New NASA Image Shows Extent of Station Fire Burn

Sep 09, 2009
Image Credit: NASA/GSFC/METI/ERSDAC/JAROS, and U.S./Japan ASTER Science Team

On September 6, 2009, the Advanced Spaceborne Thermal Emission and Reflection Radiometer (ASTER) instrument on NASA's Terra satellite captured this simulated natural color image of the Station fire, burning in the San Gabriel Mountains north of Los Angeles.

The fire started on August 26 in La Canada/Flintridge near NASA's Jet Propulsion Laboratory in Pasadena (seen at the bottom of the image), and soon grew to become the largest fire in Los Angeles County's history. Ten days after its start, the fire had consumed more than 160,000 acres (251 square miles) of forest, leaving behind a charred, blackened landscape, as it spread eastward. Smoke from the actively burning area can be seen on the right side of the image; the large dark gray area dominating the image is the evidence of forest and chaparral destruction.

With its 14 spectral bands from the visible to the thermal region and its high spatial resolution of 15 to 90 meters (about 50 to 300 feet), ASTER images Earth to map and monitor the changing surface of our planet. ASTER is one of five Earth-observing instruments launched December 18, 1999, on NASA's Terra satellite. The instrument was built by Japan's Ministry of Economy, Trade and Industry. A joint U.S./Japan science team is responsible for validation and calibration of the instrument and the data products.

The broad spectral coverage and high spectral resolution of ASTER provides scientists in numerous disciplines with critical information for surface mapping and monitoring of dynamic conditions and temporal change. Example applications are: monitoring glacial advances and retreats; monitoring potentially active volcanoes; identifying crop stress; determining cloud morphology and physical properties; wetlands evaluation; thermal pollution monitoring; coral reef degradation; surface temperature mapping of soils and geology; and measuring surface heat balance.

Provided by JPL/NASA (news : web)

Explore further: NASA: Engineer vital to 1969 moon landing dies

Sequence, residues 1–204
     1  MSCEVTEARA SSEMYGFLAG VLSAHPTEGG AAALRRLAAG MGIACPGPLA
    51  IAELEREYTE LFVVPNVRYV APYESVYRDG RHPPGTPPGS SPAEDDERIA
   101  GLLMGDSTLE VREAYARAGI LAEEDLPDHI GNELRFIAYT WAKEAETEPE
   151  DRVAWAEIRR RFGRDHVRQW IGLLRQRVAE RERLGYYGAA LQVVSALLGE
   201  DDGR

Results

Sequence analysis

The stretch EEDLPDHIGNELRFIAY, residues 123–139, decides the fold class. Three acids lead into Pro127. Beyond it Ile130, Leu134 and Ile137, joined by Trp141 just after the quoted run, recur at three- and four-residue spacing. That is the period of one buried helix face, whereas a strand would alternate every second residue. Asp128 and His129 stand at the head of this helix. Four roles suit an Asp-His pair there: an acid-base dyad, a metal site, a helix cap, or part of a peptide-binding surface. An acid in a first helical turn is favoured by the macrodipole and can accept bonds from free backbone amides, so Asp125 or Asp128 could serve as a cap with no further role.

add to favorites email to friend print save as pdf

Related Stories

Fires Burning Near Big Sur, California

Jul 01, 2008

Fires near Big Sur, Calif., continued to burn unchecked when the Advanced Spaceborne Thermal Emission and Reflection Radiometer (ASTER) instrument on NASA's Terra satellite captured this image on Sunday, June ...

NASA Sees Santa Barbara Wildfires

Aug 08, 2007

This image shows the Zaca fire, which continues to burn in the Los Padres National Forest near Santa Barbara, Calif. The image was acquired by ASTER on Aug. 7, 2007.

Smoke From Station Fire Blankets Southern California

Sep 01, 2009

Triple-digit temperatures, extremely low relative humidities, dense vegetation that has not burned in decades, and years of extended drought are all contributing to the explosive growth of wildfires throughout ...

NASA Infrared Images May Provide Volcano Clues

Oct 05, 2004

NASA scientists took infrared (IR) digital images of Mount Saint Helens' last week. The images revealed signs of heat below the surface one day before the volcano erupted last Friday in southern Washington ...

European hot spots and fires identified from space

Aug 27, 2007

Hot spots across Southeastern Europe from 21 to 26 August have been detected with instruments aboard ESA satellites, which have been continuously surveying fires burning across the Earth’s surface for a ...

Recommended for you

NASA's space station Robonaut finally getting legs

15 hours ago

Robonaut, the first out-of-this-world humanoid, is finally getting its space legs. For three years, Robonaut has had to manage from the waist up. This new pair of legs means the experimental robot—now stuck ...

Sun emits a mid-level solar flare

Apr 18, 2014

The sun emitted a mid-level solar flare, peaking at 9:03 a.m. EDT on April 18, 2014, and NASA's Solar Dynamics Observatory captured images of the event. Solar flares are powerful bursts of radiation. Harmful ...

Impact glass stores biodata for millions of years

Apr 18, 2014

(Phys.org) —Bits of plant life encapsulated in molten glass by asteroid and comet impacts millions of years ago give geologists information about climate and life forms on the ancient Earth. Scientists ...

The importance of plumes

Apr 18, 2014

The Hubble Space Telescope is famous for finding black holes. It can pick out thousands of galaxies in a patch of sky the size of a thumbprint. The most powerful space telescope ever built, the Hubble provided ...

User comments : 0

More news stories

NASA's space station Robonaut finally getting legs

Robonaut, the first out-of-this-world humanoid, is finally getting its space legs. For three years, Robonaut has had to manage from the waist up. This new pair of legs means the experimental robot—now stuck ...

Cosmologists weigh cosmic filaments and voids

(Phys.org) —Cosmologists have established that much of the stuff of the universe is made of dark matter, a mysterious, invisible substance that can't be directly detected but which exerts a gravitational ...